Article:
Gemma Augustea

by Michael Riddick

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GEMMA AUGUSTEA (No. 03 / Riddick collection)

After a carved double-layered Arabian onyx attributed to Dioscurides or a disciple
Rome, Italy; ca. 10-20 AD | The present cast: probably Austria; late 19th or early 20th century
Brass/Bronze; 225.4 x 190.5 mm

Provenance:
Antiques dealer (Italy)

Modern cast. Dark brown-black patina. Minor loss to the patina due to rubbing along some areas of the relief. Traces of rough filing to the reverse as well as the presence of a former suspension mount along the center-top. Residue present from former tape applied to the upper central portion of the reverse.

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The present plaque reproduces one of the most significant surviving masterpieces of classical gem engraving, the Gemma Augustea (Fig. 01). Along with the Tazza Farnese (see entry No. 02) and the Great Cameo of France, the Gemma Augustea has been one of the most historically pursued and revered works of its kind throughout history.

003 Gemma Augustea Fig 01
Fig. 01: Gemma Augustea, attributed to Dioscurides or a disciple, Rome, Italy, ca. 10-20 AD; Kunsthistorisches Museum (Inv. ANSA IX a79)

The Gemma Augustea was the political and cultural product of the Augustan court in classical Rome, believed to have possibly been commissioned by Caesar Augustus (63 BC-14 AD). Its connection with Augustus has resulted not only in its namesake but also its attribution with Dioscurides, Augustus’ esteemed gem engraver.

The iconography of the carving is complex and remains the subject of debate, though the common understanding is that the relief portrays scenes from two different events, divided by its upper and lower registers. The lower register portrays a Roman triumph with the erection of a victory trophy while the upper register depicts the unification of the Roman Empire under Augustus whose contemporaneous portrait is shown enthroned, receiving an oak leaf crown.

After a presumed residence in Byzantium, the Gemma Augustea is thought to have reached Toulouse, France after the Crusades where it is first inventoried in the treasury of the Church of St. Sernin in 1246. For a brief period the gem appears in the possession of the Castellani banking family of Florence in 1447. Following a legal dispute with the family the gem was subsequently returned to Toulouse in 1453.

In 1470 the important collector, Pope Paul II (Pietro Barbo, 1417-71) made an attempt to purchase the Gemma Augustea from the church, offering a large sum and a fully financed bridge for the Garrone River, indicative of the value placed upon it at the time. Later disputes occurred between the church and King Francis I (1494-1547) who was able to gain control of the Gemma Augustea in 1533, intended as a gift for Pope Clement VII (Giulio di Giuliano de’ Medici, 1478-1534). However, due to issues of timing or perhaps personal interest, the Gemma Augustea was not delivered and disappears from the Parisan inventories of Fontainebleau by 1591 after the the region was looted during the Huguenot Wars.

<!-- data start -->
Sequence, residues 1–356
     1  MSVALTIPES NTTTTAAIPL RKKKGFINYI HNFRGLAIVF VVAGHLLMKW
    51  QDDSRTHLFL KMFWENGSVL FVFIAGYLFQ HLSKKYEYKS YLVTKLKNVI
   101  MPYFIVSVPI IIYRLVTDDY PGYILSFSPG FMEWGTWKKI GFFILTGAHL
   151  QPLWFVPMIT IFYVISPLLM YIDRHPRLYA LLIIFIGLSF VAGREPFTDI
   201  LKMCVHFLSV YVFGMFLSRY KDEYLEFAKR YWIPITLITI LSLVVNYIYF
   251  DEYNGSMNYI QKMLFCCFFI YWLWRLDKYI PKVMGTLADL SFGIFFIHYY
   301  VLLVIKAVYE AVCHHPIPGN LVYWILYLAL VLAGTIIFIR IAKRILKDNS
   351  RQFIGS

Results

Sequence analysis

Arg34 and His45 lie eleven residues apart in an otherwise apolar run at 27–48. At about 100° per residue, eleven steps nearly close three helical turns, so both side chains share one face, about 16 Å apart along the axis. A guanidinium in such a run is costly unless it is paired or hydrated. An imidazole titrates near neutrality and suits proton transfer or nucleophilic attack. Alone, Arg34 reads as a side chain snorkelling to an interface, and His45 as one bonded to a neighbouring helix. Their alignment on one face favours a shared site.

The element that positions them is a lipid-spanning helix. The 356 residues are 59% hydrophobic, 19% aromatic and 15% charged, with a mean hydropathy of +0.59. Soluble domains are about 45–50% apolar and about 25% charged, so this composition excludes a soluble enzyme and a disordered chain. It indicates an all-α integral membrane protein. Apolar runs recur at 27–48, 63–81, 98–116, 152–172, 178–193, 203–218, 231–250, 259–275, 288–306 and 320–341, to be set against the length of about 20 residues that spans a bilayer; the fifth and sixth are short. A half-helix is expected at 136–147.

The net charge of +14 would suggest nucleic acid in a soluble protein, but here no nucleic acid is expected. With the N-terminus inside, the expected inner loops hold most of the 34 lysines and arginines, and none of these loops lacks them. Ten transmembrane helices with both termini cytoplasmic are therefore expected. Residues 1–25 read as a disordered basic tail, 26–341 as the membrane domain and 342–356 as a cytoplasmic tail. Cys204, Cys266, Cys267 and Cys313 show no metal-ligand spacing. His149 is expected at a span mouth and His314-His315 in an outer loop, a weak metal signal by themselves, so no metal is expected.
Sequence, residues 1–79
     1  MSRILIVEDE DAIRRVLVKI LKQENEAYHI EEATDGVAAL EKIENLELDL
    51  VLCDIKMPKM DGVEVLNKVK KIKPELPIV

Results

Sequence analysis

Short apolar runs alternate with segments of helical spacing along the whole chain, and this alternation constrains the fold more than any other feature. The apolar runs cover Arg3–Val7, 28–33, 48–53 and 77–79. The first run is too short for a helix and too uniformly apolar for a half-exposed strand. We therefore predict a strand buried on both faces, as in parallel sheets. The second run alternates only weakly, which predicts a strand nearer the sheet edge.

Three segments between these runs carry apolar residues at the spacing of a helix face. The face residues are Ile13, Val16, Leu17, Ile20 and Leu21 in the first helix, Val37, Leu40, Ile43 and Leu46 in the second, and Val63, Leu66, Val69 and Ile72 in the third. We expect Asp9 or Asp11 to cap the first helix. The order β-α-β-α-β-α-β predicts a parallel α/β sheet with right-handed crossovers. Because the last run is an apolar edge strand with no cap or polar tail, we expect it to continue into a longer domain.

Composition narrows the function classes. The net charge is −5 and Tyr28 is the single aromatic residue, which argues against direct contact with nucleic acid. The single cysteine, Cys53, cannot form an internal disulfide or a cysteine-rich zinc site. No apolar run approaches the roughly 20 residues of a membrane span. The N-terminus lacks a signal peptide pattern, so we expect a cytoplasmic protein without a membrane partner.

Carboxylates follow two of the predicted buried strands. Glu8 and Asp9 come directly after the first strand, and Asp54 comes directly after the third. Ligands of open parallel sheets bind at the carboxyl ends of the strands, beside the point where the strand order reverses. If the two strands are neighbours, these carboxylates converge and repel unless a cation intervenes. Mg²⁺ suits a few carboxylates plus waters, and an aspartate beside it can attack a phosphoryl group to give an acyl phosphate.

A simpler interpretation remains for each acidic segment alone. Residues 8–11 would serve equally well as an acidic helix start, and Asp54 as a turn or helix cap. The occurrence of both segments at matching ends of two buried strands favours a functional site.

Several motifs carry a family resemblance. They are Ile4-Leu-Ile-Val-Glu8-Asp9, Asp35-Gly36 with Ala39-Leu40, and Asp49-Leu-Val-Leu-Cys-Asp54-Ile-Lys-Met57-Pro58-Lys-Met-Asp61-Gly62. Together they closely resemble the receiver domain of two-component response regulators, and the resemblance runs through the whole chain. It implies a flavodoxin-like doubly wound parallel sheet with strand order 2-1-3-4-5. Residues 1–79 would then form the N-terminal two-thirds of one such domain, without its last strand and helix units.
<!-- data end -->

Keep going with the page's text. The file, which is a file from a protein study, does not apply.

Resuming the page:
The Gemma Augustea later appears in the posthumous inventory of the important collector, Rudolf II (15520-1612), apparently acquired for 12,000 ducats in Venice, a center for the antiquities trade. Since Rudolf II’s acquisition, the Gemma Augustea has remained an important part of the Austrian imperial treasures now forming part of the Kunsthistorisches Museum in Vienna (Inv. ANSA IX a79).

The present author has not located any other bronze casts of the Gemma Augustea. Its character suggests it to be a late 19th or early 20th century cast, probably taken from a plaster mold of the relief. While such molds would have reasonably been employed for reproductions of this type during the vogue of cameos in the late 19th and early 20th century, it does not explain the lacking ornamental volute featured on the current frame of the Gemma Augustea, unless decidedly excised from the mold for casting the present relief. The gilt silver ornamental volute featured on the gem’s current frame was added in 1750 while its gold trim setting was added in 1666, reproduced on the present cast. If not intentionally removed from the mold in modern times then the present cast may have been taken from an old plaster cast made between 1666 and 1750. Plaster casts of the Gemma Augustea are noted in Florence, made while briefly in possession of the Castellani family. Later casts were likely made as Peter Paul Rubens, also a collector of classical gems, used a plaster cast for his sketch of the object, ca. 1621. His son, Albert, later wrote a treatise on the Gemma Augustea in 1665 and also made an engraving of it.

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BIBLIOGRAPHY:

Gerhard Schmidt (2009): The Gemma Augustea, an Augustan Object of Imperial Propaganda. Gemmarius-Sculptor.de (accessed March 2017)

Markus Lörz (2006): Die mittelalterliche Geschichte der Gemma Augustea. Concilium medii aevi, Bd. 9; pp. 159-73

Karl Galinsky (1996): Augustan Culture: An Interpretive Introduction. Princeton University Press; pp. 120-21

 

 

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